MO, inreg sounds like a great way to distinguish between byval structs
that should be passed/returned in memory and those that should be
passed in registers, especially in situations where the same LLVM
struct should be passed/returned in different ways depending on the
type in the source code.
The problem here is that byval applies to a pointer-to-struct and inreg only
to a first class struct (AFAICS at least). Applying inreg (and possibly also
byval) to a pointer-to-struct will mean to pass the pointer in a register,
Still, this will allow for multiple ways of passing a struct:
1) Just a pointer, no attributes. This is just passing a pointer, with no
special semantics, hidden copies, etc.
2) A byval pointer. This implies that the struct is passed through (heap) memory and
that someone is supposed to be making copies of it.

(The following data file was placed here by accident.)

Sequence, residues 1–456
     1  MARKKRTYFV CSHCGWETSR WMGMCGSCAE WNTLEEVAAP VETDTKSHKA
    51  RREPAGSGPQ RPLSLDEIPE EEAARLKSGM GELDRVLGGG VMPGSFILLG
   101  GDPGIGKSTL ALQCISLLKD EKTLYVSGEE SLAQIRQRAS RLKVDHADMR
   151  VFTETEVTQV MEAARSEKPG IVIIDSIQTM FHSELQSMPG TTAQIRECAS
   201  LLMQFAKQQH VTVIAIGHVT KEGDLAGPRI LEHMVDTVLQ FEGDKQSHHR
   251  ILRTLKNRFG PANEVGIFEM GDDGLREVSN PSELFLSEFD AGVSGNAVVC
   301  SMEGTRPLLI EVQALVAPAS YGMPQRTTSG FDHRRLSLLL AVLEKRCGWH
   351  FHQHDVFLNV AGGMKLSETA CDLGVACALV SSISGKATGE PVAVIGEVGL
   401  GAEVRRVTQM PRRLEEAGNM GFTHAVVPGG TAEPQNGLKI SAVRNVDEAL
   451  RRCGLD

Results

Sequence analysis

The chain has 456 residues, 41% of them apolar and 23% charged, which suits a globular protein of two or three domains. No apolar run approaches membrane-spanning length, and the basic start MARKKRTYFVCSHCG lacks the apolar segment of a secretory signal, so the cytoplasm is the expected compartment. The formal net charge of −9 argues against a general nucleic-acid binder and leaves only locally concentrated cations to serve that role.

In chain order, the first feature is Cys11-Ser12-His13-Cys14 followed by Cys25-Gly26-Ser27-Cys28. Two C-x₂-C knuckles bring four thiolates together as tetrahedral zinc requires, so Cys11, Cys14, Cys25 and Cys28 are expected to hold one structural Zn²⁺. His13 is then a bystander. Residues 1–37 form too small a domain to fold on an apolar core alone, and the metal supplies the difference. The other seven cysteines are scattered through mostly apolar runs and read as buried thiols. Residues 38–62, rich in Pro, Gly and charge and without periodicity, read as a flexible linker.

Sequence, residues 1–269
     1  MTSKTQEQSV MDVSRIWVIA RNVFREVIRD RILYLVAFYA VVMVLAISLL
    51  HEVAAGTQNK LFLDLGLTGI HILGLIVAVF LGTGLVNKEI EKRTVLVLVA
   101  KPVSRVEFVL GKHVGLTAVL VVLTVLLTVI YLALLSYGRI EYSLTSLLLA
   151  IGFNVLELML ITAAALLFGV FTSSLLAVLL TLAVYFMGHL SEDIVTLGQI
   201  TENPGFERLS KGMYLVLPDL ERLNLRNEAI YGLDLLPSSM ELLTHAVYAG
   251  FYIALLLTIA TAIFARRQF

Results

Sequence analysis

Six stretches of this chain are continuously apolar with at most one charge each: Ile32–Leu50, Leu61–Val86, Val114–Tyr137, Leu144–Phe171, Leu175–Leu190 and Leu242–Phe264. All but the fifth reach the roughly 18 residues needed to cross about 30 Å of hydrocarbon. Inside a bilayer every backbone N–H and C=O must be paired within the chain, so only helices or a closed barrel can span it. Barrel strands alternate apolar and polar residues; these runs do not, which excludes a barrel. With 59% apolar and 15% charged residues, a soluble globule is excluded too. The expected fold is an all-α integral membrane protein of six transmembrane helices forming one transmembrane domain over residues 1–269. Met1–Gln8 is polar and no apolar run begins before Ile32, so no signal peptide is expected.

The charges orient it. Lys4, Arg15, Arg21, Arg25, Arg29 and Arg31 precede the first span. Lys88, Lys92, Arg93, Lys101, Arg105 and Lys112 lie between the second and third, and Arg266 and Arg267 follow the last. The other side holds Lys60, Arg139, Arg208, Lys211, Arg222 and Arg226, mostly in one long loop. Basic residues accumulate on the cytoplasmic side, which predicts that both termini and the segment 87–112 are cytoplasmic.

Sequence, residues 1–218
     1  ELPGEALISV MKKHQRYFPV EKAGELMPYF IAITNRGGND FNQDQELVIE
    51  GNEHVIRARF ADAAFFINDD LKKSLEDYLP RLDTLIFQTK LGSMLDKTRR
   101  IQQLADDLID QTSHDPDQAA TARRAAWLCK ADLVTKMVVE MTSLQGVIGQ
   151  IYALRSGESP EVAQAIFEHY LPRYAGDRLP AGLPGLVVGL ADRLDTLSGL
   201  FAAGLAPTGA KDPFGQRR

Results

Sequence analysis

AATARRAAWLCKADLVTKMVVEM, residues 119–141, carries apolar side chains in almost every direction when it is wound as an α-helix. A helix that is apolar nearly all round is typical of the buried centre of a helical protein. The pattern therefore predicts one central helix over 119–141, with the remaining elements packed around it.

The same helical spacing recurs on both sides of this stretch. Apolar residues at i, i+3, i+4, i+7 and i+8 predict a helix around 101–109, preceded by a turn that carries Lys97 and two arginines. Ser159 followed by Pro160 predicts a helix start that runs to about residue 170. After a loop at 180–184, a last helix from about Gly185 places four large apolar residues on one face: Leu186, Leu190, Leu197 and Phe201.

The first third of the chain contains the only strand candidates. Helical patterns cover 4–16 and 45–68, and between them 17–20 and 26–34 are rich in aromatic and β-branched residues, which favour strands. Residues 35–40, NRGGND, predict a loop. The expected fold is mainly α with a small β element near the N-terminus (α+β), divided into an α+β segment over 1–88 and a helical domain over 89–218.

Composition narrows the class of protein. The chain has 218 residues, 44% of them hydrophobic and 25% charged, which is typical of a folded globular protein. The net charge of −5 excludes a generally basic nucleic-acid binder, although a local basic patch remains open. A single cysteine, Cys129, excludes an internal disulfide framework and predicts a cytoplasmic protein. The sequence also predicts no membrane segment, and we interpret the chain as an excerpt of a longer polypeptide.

3) A first class struct. I'm not sure how this is supposed to be passed, but I
can imagine it being passed in registers or on the stack (backend's choice).
4) A first class inreg struct. This leaves only a single choice: Each element
should be passed in registers.
So, having inreg on a struct actually seems to make sense, come to think of
it. I'm completely clueless about how backends implement this (and how this
relates to language ABI's. I can imagine that things like the inreg parameter
can be used by the frontend to encode a specific ABI in the IR?)
That said, since it isn't supported, I don't have any objections to
disabling it for the moment. If I recall correctly, it already
asserts, so this would mostly be a documentation change.
I'm not sure where it should assert then (easy to find out, though :-p). I
would expect this to be in ParamAttrs::typeIncompatible, but it isn't
I will see about disabling it at that spot. However, the only transformation
pass that should be concerned with the attribute (AFAICS) is argpromotion,
which should be rather trivial to update. After that, only backend support is